Independent Nigerian journalist Nosa Igiebor has been languishing in prison since his arrest in December 1995. He was jailed for his critical coverage of the country's military dictator, Gen. Sani Abacha.
Though he was placed in solitary confinement, Igiebor was hardly alone. In fact, a record 182 journalists around the world were in jail at the end of 1995, all of them in retaliation for their reporting. That is one of the major findings of CPJ's annual report Attacks on the Press in 1995: A Worldwide Survey.
The 300-page report, which was released March 14 at the National Press Club in Washington, D.C., documents in compelling detail hundreds of attempts to silence reporters and news organizations around the world last year.
The bullet-ridden wall pictured on the cover is a detail from a photograph taken in Somalia by American photojournalist Dan Eldon of Reuters. Eldon, Associated Press photojournalist Hansi Krauss, and Reuter colleagues Hosea Maina and Anthony Macharia were murdered in July 1993 by a Somali crowd angered by the death of 50 countrymen in an air raid on Gen. Mohamed Farah Aidid's command post.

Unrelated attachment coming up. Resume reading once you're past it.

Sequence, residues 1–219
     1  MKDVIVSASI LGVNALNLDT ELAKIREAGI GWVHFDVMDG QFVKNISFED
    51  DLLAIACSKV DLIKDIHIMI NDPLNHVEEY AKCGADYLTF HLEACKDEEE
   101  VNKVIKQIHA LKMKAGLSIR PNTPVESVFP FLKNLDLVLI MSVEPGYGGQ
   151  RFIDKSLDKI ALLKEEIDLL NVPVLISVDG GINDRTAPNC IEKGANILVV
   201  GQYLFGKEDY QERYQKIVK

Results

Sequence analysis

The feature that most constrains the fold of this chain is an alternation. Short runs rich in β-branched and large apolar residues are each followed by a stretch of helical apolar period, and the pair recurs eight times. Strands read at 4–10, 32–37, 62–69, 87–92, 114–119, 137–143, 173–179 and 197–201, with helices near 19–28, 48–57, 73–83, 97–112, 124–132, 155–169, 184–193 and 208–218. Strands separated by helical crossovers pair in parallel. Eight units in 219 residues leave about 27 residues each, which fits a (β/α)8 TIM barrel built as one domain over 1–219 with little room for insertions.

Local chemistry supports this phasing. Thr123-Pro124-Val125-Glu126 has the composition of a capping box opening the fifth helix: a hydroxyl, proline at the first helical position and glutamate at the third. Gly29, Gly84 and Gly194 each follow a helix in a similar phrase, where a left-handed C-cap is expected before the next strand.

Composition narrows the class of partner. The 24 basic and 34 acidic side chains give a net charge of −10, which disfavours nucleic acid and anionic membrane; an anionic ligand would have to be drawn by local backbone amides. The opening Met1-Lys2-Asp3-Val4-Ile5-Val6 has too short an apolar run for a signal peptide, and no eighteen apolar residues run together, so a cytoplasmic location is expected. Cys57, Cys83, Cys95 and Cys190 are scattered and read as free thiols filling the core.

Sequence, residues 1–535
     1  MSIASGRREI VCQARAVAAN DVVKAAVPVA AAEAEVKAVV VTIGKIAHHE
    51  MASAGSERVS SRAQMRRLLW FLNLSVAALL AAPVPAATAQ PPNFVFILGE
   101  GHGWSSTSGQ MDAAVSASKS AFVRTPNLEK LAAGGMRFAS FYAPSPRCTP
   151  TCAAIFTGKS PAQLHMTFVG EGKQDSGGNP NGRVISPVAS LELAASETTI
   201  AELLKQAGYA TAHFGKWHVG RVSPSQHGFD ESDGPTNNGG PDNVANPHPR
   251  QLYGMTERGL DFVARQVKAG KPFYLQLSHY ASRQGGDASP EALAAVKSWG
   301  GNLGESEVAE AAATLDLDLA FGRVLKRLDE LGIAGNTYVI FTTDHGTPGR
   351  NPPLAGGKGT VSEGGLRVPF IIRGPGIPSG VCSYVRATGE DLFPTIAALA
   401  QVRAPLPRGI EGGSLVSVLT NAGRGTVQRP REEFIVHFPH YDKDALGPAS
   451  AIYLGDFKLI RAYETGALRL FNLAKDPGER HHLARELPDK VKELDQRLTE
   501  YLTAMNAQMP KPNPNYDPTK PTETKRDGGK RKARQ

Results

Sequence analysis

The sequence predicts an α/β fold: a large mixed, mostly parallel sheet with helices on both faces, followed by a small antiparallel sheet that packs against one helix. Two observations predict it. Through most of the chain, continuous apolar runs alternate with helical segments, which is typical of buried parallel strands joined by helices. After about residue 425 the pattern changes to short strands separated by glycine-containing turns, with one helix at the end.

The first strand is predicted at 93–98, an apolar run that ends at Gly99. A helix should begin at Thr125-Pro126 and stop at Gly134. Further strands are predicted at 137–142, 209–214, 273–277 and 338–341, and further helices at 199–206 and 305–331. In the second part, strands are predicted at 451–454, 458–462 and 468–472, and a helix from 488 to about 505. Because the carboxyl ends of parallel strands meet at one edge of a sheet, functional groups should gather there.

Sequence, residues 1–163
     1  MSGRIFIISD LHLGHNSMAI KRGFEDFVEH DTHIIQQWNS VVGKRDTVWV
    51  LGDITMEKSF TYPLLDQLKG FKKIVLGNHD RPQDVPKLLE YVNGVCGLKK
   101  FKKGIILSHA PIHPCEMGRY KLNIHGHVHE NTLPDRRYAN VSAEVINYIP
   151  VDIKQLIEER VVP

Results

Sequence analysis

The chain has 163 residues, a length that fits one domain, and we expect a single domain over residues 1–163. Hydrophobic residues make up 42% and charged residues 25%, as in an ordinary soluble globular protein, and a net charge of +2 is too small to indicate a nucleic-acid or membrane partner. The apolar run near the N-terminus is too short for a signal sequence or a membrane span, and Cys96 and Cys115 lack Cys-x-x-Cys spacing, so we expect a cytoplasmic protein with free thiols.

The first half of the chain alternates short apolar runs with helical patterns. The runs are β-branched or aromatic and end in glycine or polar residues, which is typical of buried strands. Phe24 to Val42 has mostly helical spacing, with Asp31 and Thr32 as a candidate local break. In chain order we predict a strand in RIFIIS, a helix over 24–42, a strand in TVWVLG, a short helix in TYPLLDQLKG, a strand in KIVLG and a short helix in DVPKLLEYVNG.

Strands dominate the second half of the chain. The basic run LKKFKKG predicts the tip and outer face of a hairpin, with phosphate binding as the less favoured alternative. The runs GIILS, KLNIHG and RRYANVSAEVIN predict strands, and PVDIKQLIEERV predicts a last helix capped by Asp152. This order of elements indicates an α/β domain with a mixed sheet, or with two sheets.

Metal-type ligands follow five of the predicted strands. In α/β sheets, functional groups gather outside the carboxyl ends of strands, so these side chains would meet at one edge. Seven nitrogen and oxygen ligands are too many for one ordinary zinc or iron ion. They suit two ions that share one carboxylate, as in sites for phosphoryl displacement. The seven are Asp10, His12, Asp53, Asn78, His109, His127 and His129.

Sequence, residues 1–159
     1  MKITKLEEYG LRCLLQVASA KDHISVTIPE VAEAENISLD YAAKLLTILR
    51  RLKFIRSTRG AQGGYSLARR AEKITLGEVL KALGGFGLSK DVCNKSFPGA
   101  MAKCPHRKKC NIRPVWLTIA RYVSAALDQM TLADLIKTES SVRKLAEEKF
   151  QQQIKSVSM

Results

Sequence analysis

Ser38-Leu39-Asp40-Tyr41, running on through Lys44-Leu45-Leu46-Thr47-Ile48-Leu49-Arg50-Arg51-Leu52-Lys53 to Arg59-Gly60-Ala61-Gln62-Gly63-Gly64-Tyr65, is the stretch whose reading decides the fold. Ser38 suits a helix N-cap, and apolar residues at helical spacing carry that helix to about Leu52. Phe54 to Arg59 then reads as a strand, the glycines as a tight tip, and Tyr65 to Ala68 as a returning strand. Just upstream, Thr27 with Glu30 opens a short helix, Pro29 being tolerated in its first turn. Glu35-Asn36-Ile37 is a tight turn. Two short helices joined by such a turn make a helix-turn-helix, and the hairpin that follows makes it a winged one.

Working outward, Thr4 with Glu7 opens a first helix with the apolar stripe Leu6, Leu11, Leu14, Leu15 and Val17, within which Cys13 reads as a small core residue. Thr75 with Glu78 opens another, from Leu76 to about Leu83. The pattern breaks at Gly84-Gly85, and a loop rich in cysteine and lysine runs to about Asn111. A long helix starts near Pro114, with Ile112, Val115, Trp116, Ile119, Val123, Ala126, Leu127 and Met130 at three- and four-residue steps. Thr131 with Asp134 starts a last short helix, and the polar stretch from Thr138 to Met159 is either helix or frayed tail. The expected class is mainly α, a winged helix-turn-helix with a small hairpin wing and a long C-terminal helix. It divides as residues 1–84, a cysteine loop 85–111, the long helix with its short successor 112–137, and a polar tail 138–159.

- CPJ's 15th anniversary
Reaffirming our mission
- Fighting imposed silence
A short essay by Roger Rosenblatt
- Enemies of the press
- A 10-year death toll
Where journalists were killed and why
- Nigeria and Zambia campaigns
CPJ works to free Nigeria's Nosa Igiebor and aid
Zambia's Fred M'membe
- Press faces hard times in Africa
An article by Howard W. French
- Around the world
Briefs on the state of press freedom in
countries worldwide in 1995
Dangerous Assignments is published quarterly by the Committee to Protect Journalists, a nonpartisan, nonprofit organization founded in 1981 to monitor and promote freedom of the press around the world.
James Bucknell, Production
Angelo Machipisa, WebMaster